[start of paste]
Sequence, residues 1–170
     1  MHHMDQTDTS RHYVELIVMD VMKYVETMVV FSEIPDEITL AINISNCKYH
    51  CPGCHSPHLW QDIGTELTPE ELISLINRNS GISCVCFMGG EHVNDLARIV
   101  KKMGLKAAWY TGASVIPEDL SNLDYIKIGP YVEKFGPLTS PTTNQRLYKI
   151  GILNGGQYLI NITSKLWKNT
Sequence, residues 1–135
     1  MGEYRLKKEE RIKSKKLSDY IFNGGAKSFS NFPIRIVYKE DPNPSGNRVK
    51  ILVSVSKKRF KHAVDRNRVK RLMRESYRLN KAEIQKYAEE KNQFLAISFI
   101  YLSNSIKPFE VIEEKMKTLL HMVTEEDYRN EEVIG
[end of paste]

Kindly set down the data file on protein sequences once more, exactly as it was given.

Sequence, residues 1–170
     1  MHHMDQTDTS RHYVELIVMD VMKYVETMVV FSEIPDEITL AINISNCKYH
    51  CPGCHSPHLW QDIGTELTPE ELISLINRNS GISCVCFMGG EHVNDLARIV
   101  KKMGLKAAWY TGASVIPEDL SNLDYIKIGP YVEKFGPLTS PTTNQRLYKI
   151  GILNGGQYLI NITSKLWKNT
Sequence, residues 1–135
     1  MGEYRLKKEE RIKSKKLSDY IFNGGAKSFS NFPIRIVYKE DPNPSGNRVK
    51  ILVSVSKKRF KHAVDRNRVK RLMRESYRLN KAEIQKYAEE KNQFLAISFI
   101  YLSNSIKPFE VIEEKMKTLL HMVTEEDYRN EEVIG